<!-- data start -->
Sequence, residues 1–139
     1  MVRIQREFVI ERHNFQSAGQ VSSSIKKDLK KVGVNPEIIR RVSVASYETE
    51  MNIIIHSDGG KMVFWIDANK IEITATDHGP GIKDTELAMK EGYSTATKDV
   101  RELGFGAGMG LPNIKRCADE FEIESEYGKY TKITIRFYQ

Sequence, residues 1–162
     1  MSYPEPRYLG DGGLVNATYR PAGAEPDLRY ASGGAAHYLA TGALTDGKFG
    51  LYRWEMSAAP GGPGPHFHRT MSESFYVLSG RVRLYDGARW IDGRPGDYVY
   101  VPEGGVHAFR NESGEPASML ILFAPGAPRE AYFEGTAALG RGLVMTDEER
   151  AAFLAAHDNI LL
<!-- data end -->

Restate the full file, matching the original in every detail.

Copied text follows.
Sequence, residues 1–139
     1  MVRIQREFVI ERHNFQSAGQ VSSSIKKDLK KVGVNPEIIR RVSVASYETE
    51  MNIIIHSDGG KMVFWIDANK IEITATDHGP GIKDTELAMK EGYSTATKDV
   101  RELGFGAGMG LPNIKRCADE FEIESEYGKY TKITIRFYQ

Sequence, residues 1–162
     1  MSYPEPRYLG DGGLVNATYR PAGAEPDLRY ASGGAAHYLA TGALTDGKFG
    51  LYRWEMSAAP GGPGPHFHRT MSESFYVLSG RVRLYDGARW IDGRPGDYVY
   101  VPEGGVHAFR NESGEPASML ILFAPGAPRE AYFEGTAALG RGLVMTDEER
   151  AAFLAAHDNI LL